Chasing a personal dream

There is a saying in Nashville, and it’s often said jokingly. “Just living the dream!” is the go-to response when asked how you’re doing and what you’ve been up to lately. Ironically everybody knows what you mean, even as no one ever really puts a definition on that phrase.

But what about those other dreams? Those dreams that don’t have anything to do with the music industry. Things that don’t have any real tie to the road.

Since we got married, my husband and I have dreamed of owning our own home. But it as anyone who is married to someone on the road knows, getting a home loan isn’t exactly the easiest thing in the world. Unless you happen to work with somebody who has you on salary, getting mortgage brokers to understand you’re paid by the show can be quite an undertaking. Many just don’t get that concept.

But should you actually get a loan? Finding time to do house hunting and moving amid his crazy schedule of home then away can be almost as hard as getting the loan itself.

We dreamed and dreamed. We worked to get our finances in order, knowing this could be an uphill battle the whole way. Not only is my husband a musician paid by the show, I too am self-employed. This whole getting a loan thing? Yeah we were braced for the worst.

But suddenly it all came together. We found a mortgage broker who would work with us, and a real estate agent who understood the industry. We started our search. We found the perfect house. Our offer was accepted! And the paper work began. We had a perfect closing date set, because my husband would have the entire week after off to allow is to move easily. But as anyone knows, buying house is far from being anything that stays on track. Our closing date got pushed back, not a week, but two weeks. We would close, and my husband would go out on the road for a week.

What do we do is road widows? We adapt. We take up the slack. I quickly found myself loading boxes into the back of our truck and making trips by myself to the new house. By the time my husband got home from the road and got started moving the big furniture (with the help of a team of dear friends!) I already had been in the moving process for three days. Needless to say when he complained about being tired, I pretty much told him to can it. Ha!

We’re finally settled in our new home. Oh we still have a lot of boxes to unpack, and our running joke is “this is the fun part.”

But daily we both stop and look around, and we realize we have realized another dream. We own a house! We worked hard for it. We know we’re going to have to work even harder to keep it.

So now suddenly, when someone asks me how I am or what we’re up to, I give them a big smile and genuinely say, “We’re living the dream.”

Unplugged

Have you ever abstained from being online – social media, internet, email even? For a day? For a week? For longer?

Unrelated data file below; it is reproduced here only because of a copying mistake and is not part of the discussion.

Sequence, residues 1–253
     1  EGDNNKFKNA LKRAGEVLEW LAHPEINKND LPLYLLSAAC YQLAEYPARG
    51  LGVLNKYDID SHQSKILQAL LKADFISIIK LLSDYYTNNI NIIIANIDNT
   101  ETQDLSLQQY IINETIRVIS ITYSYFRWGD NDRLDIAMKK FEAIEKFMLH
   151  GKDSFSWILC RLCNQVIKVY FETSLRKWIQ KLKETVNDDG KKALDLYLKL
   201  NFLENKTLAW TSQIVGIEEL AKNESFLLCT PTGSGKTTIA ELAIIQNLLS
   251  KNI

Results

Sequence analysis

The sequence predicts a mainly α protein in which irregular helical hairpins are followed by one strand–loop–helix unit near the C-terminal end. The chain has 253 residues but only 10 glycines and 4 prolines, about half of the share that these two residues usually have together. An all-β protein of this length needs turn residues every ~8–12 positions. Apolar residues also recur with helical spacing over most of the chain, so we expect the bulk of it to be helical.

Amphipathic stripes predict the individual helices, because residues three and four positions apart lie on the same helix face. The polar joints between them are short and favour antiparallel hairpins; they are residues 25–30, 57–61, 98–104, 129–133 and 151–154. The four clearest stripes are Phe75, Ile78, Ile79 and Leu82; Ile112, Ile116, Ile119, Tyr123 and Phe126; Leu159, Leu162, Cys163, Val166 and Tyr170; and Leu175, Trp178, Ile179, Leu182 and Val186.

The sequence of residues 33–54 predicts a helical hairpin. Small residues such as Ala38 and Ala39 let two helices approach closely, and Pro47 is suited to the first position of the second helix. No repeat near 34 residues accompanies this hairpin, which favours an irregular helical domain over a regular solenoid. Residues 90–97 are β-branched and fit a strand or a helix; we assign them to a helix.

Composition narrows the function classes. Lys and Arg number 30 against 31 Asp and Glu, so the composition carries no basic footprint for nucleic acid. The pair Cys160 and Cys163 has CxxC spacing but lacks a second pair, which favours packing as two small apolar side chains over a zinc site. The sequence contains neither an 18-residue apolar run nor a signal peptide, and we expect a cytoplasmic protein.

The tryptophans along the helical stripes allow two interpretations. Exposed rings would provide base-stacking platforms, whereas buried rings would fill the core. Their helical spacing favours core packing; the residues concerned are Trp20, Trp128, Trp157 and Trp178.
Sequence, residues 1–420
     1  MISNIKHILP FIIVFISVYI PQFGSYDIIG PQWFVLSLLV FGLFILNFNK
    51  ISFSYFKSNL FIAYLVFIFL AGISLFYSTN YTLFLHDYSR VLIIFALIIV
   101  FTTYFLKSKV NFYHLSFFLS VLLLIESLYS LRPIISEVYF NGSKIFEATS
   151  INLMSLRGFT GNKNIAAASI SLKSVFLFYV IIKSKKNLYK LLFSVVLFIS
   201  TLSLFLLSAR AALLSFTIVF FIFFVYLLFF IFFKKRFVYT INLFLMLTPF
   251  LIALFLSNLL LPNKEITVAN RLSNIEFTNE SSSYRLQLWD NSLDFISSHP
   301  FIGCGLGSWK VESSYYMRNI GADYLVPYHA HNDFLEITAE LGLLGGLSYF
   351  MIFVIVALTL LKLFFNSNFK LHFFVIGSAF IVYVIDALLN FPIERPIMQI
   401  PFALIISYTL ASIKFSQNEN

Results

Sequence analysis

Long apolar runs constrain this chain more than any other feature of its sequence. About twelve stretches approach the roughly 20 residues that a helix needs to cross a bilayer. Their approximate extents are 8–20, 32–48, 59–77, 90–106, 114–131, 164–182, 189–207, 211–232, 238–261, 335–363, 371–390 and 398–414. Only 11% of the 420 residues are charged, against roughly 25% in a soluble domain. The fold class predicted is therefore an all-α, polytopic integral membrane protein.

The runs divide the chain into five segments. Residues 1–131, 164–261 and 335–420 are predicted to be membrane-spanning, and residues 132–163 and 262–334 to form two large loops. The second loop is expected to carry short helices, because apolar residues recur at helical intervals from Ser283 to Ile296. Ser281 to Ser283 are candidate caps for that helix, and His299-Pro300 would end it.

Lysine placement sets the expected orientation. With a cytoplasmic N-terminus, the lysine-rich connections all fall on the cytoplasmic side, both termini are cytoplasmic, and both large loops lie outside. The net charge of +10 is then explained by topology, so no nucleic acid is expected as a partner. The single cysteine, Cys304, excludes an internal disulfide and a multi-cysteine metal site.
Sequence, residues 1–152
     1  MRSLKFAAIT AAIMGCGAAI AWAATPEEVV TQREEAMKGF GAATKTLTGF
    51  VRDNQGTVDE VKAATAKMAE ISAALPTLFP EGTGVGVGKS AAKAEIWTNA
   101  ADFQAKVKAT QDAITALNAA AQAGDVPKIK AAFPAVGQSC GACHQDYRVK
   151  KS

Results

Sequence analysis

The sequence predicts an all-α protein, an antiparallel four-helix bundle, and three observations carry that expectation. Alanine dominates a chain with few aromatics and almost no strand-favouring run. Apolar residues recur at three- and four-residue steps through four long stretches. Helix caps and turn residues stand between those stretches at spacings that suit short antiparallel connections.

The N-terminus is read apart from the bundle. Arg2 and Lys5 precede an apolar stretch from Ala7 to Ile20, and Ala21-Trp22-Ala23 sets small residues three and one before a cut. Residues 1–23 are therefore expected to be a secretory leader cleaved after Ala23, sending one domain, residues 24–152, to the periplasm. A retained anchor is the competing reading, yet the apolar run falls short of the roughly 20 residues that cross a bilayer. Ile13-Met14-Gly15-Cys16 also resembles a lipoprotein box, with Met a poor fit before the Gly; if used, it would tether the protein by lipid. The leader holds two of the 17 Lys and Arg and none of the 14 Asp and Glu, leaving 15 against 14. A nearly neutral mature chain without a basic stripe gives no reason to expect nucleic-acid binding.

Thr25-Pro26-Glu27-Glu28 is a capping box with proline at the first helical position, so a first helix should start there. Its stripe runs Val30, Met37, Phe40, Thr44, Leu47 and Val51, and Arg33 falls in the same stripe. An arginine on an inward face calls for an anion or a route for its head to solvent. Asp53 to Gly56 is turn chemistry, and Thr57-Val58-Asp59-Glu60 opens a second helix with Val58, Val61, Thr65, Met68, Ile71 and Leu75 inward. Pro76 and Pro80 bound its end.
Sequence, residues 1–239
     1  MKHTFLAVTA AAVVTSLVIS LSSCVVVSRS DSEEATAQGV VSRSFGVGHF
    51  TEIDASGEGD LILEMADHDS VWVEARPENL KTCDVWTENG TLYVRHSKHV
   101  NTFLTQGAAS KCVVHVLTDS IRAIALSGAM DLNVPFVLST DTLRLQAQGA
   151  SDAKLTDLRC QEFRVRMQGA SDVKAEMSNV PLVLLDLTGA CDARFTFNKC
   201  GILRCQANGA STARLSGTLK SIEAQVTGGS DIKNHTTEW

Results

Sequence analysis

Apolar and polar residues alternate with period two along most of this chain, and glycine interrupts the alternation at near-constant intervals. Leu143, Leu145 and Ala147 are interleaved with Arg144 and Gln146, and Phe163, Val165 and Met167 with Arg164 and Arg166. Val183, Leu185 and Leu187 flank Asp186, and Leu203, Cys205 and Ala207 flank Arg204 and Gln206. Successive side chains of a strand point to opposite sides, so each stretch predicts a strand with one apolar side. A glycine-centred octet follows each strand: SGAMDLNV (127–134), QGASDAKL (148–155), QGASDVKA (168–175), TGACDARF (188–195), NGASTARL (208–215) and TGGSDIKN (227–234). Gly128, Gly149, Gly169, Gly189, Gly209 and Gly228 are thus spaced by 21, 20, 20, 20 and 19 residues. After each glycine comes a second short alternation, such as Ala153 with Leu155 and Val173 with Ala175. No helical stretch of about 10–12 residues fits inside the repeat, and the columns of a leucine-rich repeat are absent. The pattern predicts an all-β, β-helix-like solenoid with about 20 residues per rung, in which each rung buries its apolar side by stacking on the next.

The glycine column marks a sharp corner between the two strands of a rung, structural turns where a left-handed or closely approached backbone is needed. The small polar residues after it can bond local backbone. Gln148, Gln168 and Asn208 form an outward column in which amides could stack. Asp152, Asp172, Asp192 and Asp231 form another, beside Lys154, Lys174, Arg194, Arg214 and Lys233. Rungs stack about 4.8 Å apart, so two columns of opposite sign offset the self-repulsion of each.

I did. For a couple months! It wasn’t intentional. It just happened. I went on vacation with family in July. My sister-in-law refrains from posting things to Facebook while away so as not to bring attention to her being out of town. I didn’t want to implicate her in any of my postings, so I unplugged as well. It was nice. Really nice. And then vacation was over and I accidentally stayed unplugged.

I must clarify though – I am using the term unplugged loosely. I wouldn’t say I was 100% unplugged. I still used the internet to look up things. I emailed. I used FaceTime to talk to my husband while he was touring. And I even looked at Facebook from time to time. But it was by no means an everyday occurrence, let alone a several times a day occurrence!

Part of the reasoning for unplugging was life – we were selling our house, building a new house, moving, etc. I was just busy. And so my online hiatus stretched out well past the week-long vacation in July. It was amazing how much time I got back! Time that was so very much needed.

But a bigger part of the reasoning was mood – I just feel plain happier and freer not being tied to Facebook or Twitter or Pinterest or news or anything online for that matter. The longer I stayed (mostly) away from social media, the more I realized I depended on it to “check out” of my life. Multiple times a day! (Do you realize how much time the average American spends on the computer or their phone just surfing?!?) I became more present with myself, my kids, my husband, my friends. I stopped comparing myself to others as you often do when you’re mindlessly perusing Facebook or Twitter. I allowed myself to be confident in who I am, what I’m doing and how I’m parenting by not relying on getting “validation” in the form of likes, comments, mentions, retweets, shares. I stopped judging or getting caught up in the negativity that often consumes my news feeds. I stayed positive about family and friends and life. I refocused all that lost energy being wasted on spending time with others and giving of myself. I learned to sew. I re-discovered how beautiful life is when experienced in the flesh.

In a world where everyone is trying to keep up with the Jones’. Where we’re all trying to “one up” each other. Where we feel the pressure to be better than the person next to us. Wouldn’t it be nice to stop focusing on what everyone else is doing and just enjoy what YOU are doing? Wouldn’t it be nice to get hours back in the day to actually DO something?